- OSHA's New Workplace Injury Reporting Rule: A Nudge in the Right Direction, or Enforcement by Shame?
- July 22, 2016
- Law Firm: Duane Morris LLP - Philadelphia Office
On May 11, 2016, the Occupational Safety and Health Administration (OSHA) finalized a recordkeeping and reporting rule that will require certain employers to electronically track and submit information regarding workplace injuries and illness. OSHA intends to post the data from employers’ submissions on a publicly accessible website. The final rule also requires employers to inform employees of their right to report work-related injuries and illnesses without fear of retaliation.
Currently, covered employers already must maintain records of their workplace injuries and illnesses. The majority of this data, however, are not shared outside the workplace. While OSHA views this new rule as “nudging” employers toward preventing worker injuries and illnesses, a concern is that it could lead to public shaming of companies without providing any explanation of the facts and circumstances surrounding the particular cases involved.
All employers with 250 or more employees will be required to electronically submit OSHA Form 300 Logs, Form 301 and Form 300A summaries on an annual basis. Employers with 20 or more employees in industries designated by OSHA as hazardous will be required to submit OSHA Form 300A summaries electronically on an annual basis, as well. The new rule does not change what injuries or illnesses employers are already required to record.
The rule also changes employer obligations for ensuring employees report all work-related injuries and illnesses. Effective August 10, 2016, before the new electronic reporting requirements take effect, all employers, regardless of size, must develop employee injury and illness reporting requirements that meet certain criteria. Under the new rule, employers must affirmatively inform employees that they have a right to report work-related injuries and illnesses free from retaliation. OSHA has stated that employers may meet this requirement by posting the OSHA “Job Safety and Health - It’s The Law” poster from April 2015. Employers also have to ensure that procedures for reporting work-related injuries and illnesses are reasonable and do not deter or discourage employees from reporting. While employers were already prohibited from retaliating against employees for reporting work-related injuries or illnesses, the new rule allows OSHA to issue citations to employers if it concludes that the employer either retaliated against employees for reporting work-related injuries or illnesses or deterred them from reporting.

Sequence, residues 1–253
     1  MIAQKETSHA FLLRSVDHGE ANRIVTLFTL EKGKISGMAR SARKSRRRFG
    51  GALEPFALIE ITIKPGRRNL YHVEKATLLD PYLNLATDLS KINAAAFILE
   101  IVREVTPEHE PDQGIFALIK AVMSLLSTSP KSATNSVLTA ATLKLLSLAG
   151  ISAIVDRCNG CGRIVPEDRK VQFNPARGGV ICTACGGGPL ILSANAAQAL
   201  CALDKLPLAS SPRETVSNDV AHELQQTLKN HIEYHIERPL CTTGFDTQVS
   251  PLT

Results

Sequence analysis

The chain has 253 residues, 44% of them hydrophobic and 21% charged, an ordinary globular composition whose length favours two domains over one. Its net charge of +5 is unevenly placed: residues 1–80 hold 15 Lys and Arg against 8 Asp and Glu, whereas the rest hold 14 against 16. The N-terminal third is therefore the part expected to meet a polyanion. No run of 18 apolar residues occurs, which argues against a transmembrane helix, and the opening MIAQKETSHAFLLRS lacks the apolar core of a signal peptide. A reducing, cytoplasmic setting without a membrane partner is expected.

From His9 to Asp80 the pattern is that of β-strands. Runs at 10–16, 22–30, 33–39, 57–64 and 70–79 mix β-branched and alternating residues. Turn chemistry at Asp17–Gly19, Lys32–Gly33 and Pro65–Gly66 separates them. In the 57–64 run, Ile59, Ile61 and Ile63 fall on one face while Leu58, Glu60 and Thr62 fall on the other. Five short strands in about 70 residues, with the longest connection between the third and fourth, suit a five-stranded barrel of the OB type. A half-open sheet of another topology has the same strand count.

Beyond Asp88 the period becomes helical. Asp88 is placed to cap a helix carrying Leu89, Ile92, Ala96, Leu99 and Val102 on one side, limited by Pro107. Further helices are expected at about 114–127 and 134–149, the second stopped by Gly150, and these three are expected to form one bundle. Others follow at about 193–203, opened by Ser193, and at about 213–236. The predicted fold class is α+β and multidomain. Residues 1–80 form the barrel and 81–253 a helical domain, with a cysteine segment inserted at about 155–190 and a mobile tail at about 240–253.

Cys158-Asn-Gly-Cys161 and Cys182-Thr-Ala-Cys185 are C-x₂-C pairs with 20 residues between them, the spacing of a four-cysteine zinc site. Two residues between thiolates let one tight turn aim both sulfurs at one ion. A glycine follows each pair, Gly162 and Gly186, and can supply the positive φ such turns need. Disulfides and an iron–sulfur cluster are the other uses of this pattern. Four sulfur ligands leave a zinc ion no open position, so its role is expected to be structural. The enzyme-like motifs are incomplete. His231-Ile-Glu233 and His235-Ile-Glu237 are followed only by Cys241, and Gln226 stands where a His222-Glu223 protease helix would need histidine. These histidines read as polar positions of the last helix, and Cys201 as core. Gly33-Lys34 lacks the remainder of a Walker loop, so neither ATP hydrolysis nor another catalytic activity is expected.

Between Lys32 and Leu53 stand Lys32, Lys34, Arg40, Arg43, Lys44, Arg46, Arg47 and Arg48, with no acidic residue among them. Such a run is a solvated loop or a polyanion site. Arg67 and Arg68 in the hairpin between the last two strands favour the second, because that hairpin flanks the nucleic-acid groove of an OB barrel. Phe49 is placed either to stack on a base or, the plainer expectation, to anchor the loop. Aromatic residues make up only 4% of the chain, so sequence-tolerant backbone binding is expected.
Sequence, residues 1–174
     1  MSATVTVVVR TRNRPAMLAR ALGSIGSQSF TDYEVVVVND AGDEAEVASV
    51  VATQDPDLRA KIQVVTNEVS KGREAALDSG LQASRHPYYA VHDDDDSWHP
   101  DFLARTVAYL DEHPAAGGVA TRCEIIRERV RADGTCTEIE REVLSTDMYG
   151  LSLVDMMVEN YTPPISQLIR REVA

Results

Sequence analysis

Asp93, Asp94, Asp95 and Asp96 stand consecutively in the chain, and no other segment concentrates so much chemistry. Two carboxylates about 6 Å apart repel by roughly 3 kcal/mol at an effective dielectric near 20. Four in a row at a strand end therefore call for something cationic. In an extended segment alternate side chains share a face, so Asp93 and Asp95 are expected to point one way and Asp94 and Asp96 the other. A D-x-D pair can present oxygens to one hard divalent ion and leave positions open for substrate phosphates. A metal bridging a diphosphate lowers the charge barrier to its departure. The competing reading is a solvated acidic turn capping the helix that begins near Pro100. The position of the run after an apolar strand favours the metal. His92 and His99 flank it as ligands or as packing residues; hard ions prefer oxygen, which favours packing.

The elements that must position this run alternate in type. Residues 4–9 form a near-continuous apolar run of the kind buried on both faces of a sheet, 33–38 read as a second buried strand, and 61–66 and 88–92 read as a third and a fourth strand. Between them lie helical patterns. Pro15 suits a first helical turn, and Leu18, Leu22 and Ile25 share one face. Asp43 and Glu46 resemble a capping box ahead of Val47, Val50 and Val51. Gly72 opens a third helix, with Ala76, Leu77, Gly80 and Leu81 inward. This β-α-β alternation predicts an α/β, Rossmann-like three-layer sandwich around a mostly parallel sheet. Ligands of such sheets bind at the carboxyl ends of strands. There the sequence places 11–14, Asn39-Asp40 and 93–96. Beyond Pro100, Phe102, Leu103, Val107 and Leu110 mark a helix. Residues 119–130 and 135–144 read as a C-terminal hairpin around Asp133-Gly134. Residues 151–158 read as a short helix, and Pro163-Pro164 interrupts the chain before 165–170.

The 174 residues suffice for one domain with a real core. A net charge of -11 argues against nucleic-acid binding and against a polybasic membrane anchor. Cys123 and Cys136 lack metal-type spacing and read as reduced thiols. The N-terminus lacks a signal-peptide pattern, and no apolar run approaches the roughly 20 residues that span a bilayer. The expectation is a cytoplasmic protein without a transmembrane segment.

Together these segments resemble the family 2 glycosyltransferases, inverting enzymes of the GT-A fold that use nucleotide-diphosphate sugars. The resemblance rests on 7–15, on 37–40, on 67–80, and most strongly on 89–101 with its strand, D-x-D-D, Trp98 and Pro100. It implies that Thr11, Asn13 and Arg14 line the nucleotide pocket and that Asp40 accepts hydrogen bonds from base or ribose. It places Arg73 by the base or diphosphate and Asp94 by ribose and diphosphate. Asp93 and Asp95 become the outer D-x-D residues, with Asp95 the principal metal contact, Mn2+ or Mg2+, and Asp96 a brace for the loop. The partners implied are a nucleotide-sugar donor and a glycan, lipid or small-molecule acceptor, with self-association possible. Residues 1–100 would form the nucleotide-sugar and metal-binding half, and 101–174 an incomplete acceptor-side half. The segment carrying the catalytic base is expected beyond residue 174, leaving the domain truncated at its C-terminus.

OSHA will phase in implementation of the new reporting requirements. On July 1, 2017, employers will be required to submit only their Form 300A summaries. The following year, employers will be required to submit their Form 300 Logs, Forms 301 and Form 300A summaries on July 1, 2018.
OSHA is still working out the technical aspects of how reports will be filed. After reports are submitted, OSHA will clean the files of information identifying individual workers and post data online for each establishment.
What This Means for Employers
Based on the new rule, employers should consider taking the following steps:
- Promptly review workplace safety policies and reporting procedures to ensure that such policies inform employees of their right to report work-related injuries and illnesses free from retaliation and do not deter or discourage employees from reporting.
- Ensure that appropriate and current OSHA posters are in place.
- Train personnel with responsibilities for completing and maintaining the impacted OSHA logs regarding the rule’s electronic reporting requirements and remind managers, supervisors and other personnel with reporting responsibilities of anti-retaliation practices.